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The Burglar in the Closet
Lawrence Block
Android Apps with App Inventor: The Fast and Easy Way to Build Android Apps
Jorg H. Kloss
Diana Gabaldon
French in Action: A Beginning Course in Language and Culture
Pierre J. Capretz, BĂ©atrice Abetti, Marie-Odile Germain, Laurence Wylie, Beatrice Abetti, Marie Odile-Germain
Learn Spanish Through Music
SUBlingual Music
These Is My Words
Nancy E. Turner
The Art of Fiction: A Guide for Writers and Readers - Ayn Rand, Tore Boeckmann, Leonard Peikoff This book contains some useful advice for aspiring writers, but the pompous self assurance of Ayn Rand and her self-invented "objectivism" philosophy made me sick, more than once.
She considers herself a romanticist and goes out of her way to prove that her "romanticism" is endlessly better and deeper than "naturalism" of such second rate and shallow (in her opinion) writers as Lev Tolstoy and Sinclair Lewis. Her hatred of "Anna Karenina" is on the verge of obsession. She also uses Victor Hugo a lot -- he is honored to be in the same boat with Ayn Rand and labeled romanticist, but still he is not as deep and perfect as she is.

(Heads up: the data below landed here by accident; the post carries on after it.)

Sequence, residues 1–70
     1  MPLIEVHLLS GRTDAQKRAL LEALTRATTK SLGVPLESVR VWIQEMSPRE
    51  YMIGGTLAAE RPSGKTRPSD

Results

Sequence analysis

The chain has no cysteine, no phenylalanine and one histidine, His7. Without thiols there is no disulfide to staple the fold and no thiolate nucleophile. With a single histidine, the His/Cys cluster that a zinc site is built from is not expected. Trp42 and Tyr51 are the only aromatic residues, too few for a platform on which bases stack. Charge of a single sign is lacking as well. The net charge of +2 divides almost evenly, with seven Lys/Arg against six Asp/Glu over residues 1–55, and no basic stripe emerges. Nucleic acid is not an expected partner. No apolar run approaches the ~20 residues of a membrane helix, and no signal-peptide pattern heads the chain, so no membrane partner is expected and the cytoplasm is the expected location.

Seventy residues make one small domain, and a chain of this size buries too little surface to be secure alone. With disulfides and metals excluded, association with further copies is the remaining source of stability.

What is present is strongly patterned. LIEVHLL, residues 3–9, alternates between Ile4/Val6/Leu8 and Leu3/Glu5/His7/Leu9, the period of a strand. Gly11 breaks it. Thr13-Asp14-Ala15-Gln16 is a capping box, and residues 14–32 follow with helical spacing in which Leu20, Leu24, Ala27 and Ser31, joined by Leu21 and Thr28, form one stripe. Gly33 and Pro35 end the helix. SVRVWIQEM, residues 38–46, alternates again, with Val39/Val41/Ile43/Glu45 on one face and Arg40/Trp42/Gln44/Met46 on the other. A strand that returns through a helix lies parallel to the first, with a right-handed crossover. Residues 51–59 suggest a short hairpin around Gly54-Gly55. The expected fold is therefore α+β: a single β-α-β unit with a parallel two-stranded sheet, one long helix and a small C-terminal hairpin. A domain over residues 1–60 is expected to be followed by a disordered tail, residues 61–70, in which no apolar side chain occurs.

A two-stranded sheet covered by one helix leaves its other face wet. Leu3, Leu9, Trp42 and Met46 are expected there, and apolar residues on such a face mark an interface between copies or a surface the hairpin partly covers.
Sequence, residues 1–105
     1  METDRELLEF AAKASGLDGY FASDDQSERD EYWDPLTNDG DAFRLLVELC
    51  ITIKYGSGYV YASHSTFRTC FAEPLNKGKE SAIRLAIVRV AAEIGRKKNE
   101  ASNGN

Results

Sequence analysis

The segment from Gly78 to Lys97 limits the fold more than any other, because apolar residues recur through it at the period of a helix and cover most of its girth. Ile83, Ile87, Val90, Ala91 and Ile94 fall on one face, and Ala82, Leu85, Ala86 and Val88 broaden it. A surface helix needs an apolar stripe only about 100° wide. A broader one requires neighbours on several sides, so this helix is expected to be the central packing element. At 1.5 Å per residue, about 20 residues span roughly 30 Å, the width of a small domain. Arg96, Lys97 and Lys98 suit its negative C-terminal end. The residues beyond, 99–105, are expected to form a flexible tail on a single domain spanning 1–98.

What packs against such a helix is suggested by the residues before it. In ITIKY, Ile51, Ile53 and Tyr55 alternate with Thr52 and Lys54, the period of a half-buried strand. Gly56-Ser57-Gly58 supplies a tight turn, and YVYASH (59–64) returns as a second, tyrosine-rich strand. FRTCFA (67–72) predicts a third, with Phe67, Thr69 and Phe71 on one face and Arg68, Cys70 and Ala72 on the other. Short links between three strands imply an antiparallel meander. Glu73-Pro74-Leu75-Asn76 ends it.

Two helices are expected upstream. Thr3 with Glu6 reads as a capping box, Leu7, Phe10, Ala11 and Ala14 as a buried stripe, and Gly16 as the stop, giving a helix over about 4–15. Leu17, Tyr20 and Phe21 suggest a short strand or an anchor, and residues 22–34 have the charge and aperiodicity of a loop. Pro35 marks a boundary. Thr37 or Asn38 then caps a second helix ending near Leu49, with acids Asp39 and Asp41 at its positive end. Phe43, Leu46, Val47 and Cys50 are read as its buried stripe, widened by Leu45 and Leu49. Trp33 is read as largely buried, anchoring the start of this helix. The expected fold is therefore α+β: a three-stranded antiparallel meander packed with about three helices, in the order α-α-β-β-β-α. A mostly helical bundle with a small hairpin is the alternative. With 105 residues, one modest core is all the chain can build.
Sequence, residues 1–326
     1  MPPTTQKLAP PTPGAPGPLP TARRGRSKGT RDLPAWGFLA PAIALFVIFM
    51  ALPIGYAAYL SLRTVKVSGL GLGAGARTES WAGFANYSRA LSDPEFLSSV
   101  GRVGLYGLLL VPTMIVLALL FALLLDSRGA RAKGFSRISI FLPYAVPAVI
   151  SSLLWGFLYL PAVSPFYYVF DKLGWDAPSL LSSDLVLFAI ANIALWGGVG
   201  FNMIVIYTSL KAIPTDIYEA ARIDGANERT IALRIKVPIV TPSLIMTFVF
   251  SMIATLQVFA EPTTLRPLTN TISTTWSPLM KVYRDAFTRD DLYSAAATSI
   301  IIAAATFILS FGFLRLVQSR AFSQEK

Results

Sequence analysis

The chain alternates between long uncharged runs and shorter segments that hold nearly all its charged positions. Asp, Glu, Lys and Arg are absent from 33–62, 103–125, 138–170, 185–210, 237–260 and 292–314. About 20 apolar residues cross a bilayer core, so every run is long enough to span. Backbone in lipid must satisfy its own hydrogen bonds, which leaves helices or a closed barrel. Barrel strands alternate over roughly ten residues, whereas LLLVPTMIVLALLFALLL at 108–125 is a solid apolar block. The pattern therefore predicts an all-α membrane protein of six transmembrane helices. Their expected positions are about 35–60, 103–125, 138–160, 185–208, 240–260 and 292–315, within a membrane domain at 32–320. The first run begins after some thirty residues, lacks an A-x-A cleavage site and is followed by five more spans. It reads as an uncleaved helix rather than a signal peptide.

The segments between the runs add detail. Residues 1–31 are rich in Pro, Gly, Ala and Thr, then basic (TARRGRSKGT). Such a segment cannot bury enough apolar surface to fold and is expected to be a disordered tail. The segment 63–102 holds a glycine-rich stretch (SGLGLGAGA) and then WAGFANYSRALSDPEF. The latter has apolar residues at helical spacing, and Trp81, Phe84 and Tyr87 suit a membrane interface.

The introduction says that the part on literary style "is tour de force of this book" -- in my opinion it is tour de weakness.All the examples she provided of how her own style is better and even more realistic than the style of naturalists convinced me on the contrary.

Oh, and I forgot: according to Ayn Rand, Gertrude Stein has no right to exist and James Joyce is a despicable phenomena, a complete waste of time and paper.
My personal conclusions from this book are:
1.Read/reread Lev Tolstoy, Fyodor Dostoevsky, Victor Hugo, James Joyce, Gertrude Stein.
2.Never again read anything by Ayn Rand.